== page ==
Why can’t domestic cats roar like large, wild cats?

Only lions, tigers, leopards, and jaguars can roar. Instead of an epihyal bone in their voice boxes, they have ligaments. These ligaments stretch, helping the cats create a larger sound passage with pitch variation. As the ligament stretches further, the sound emitting from the cat becomes lower. Interestingly, cats can either purr or roar. This means roaring cats can’t purr and purring cats can’t roar. (Discover Wildlife)

What does it mean when a cat is in heat?

Only female cats go into heat. This refers to her estrous cycle, a period of time that lasts about 4–6 days when she will be receptive to mating with a male cat. During this time, she may become very affectionate, pace, yowl, and secrete vaginal fluid to try to attract a male. At any opportunity, she will try to escape out an open door or window to find a male cat, so she will have to be watched carefully. The heat cycle will repeat every 2 weeks. The way to stop a cat from having heat cycles is to have her spayed. (Wild Animal Park)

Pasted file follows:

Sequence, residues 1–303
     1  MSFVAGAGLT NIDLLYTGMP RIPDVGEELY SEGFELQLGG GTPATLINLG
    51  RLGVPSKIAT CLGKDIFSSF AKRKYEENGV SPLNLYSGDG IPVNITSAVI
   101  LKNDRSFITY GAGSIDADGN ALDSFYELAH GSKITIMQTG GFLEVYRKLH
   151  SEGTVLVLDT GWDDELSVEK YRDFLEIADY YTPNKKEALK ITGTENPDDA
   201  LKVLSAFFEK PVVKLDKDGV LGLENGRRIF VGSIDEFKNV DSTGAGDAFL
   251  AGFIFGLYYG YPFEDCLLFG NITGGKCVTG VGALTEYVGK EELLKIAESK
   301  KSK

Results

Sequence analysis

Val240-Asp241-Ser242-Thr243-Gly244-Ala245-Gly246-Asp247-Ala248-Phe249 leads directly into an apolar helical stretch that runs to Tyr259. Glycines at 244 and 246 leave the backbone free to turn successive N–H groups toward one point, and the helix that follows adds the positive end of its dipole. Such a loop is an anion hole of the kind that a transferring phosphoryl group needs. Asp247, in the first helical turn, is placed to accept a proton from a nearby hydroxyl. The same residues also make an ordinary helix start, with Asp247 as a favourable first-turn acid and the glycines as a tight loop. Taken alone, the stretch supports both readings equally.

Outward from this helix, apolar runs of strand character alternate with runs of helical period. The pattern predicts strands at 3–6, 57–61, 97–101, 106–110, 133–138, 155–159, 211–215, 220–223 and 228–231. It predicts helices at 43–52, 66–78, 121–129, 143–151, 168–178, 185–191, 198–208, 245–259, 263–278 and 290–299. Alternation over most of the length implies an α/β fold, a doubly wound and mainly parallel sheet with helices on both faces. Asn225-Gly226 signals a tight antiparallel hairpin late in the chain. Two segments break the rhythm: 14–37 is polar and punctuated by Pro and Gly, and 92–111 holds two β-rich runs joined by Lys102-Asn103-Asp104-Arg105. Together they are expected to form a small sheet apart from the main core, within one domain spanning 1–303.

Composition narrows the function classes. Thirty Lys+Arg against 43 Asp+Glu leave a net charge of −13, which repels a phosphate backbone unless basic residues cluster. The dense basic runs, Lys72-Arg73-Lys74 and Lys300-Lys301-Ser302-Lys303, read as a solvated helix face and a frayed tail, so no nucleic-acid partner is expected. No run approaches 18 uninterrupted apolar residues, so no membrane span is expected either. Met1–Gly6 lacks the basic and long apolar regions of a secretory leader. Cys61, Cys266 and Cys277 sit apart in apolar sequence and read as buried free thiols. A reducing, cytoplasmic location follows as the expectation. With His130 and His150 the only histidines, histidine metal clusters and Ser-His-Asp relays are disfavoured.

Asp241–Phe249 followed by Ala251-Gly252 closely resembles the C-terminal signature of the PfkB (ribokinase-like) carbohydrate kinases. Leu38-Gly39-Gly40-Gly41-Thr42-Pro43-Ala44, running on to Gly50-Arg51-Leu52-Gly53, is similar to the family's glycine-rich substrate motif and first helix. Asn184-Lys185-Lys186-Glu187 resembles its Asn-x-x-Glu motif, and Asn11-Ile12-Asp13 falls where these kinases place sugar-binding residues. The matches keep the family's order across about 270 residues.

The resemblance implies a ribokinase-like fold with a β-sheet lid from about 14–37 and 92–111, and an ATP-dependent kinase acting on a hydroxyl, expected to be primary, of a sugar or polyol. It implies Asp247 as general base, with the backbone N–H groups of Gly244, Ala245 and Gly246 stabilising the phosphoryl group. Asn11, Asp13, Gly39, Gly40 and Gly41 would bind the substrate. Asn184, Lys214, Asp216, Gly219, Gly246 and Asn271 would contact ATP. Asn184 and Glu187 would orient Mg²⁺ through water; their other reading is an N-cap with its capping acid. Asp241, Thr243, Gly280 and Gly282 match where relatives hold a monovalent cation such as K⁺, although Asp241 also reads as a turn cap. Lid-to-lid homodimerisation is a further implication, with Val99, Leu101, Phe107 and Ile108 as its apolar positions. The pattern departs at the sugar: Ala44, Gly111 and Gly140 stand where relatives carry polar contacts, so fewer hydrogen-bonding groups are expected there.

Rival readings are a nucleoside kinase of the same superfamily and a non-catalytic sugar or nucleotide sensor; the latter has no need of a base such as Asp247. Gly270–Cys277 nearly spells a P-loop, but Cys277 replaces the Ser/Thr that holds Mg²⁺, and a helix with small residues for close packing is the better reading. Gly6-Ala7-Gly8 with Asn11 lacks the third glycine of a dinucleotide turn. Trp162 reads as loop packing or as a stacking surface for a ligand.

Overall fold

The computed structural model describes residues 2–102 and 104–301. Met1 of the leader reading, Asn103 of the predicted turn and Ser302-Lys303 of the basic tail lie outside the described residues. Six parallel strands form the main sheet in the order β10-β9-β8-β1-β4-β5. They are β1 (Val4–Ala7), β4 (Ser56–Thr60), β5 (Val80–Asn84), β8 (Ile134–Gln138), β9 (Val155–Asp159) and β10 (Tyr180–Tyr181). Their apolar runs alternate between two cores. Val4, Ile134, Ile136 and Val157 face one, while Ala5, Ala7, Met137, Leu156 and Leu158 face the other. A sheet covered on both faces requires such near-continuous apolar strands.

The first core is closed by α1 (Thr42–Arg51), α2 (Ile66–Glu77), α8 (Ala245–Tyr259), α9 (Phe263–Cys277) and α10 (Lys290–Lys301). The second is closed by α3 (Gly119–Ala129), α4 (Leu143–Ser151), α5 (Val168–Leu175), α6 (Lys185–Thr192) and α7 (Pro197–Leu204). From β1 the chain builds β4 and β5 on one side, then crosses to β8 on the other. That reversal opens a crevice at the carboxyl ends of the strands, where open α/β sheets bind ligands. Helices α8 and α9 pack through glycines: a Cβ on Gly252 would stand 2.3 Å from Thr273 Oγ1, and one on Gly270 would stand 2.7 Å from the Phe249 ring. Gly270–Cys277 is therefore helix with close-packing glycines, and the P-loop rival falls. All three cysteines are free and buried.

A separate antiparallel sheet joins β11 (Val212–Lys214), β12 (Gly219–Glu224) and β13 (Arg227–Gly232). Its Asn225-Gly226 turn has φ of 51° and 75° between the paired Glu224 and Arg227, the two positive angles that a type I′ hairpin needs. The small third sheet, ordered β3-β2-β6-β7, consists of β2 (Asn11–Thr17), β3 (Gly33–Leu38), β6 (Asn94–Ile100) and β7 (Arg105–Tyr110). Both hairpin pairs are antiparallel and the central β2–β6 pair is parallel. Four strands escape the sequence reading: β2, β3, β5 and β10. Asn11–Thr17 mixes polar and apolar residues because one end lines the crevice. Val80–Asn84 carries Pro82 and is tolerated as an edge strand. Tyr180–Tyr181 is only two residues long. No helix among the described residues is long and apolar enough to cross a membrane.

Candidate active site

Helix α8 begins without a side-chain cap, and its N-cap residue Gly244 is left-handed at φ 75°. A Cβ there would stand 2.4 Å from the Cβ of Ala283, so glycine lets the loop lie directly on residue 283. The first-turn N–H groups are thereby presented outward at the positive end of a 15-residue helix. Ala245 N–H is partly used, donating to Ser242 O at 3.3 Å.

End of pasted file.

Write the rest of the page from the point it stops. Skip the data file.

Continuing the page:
cats in grass
Image Credit: Astrid Gast, Shutterstock

Can cats be vegans?

Cats are obligate carnivores. This means they require meat from animal sources in their diet to survive. Meat products make up the majority of all commercial cat food to provide pet cats with the nutrition that they need to stay healthy. Some of the nutrients that cats need can’t be made naturally in their bodies or obtained through plant matter. Taurine, vitamin A, and other amino acids are necessary for their health and must be obtained through their diet. If cats don’t eat meat in their diet, they could become lethargic, have convulsions, develop a weakened immune system, and go blind before eventually dying from lack of nutrition. Cats cannot be vegetarians or vegans, even if their owners are. (Island Pet Vet)

You may also be interested in: 19 UK Cat Statistics & Facts All Cat Lovers Should Know

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Conclusion

Cat owners know that their feline friends are just as lovable and important as any other pets. If you’re new to cat ownership or are considering adding a cat to your household, we hope that these statistics have answered a few of your questions and have helped you decide on the right pet for you.

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Featured Image Credit: Elisa Putti, Shutterstock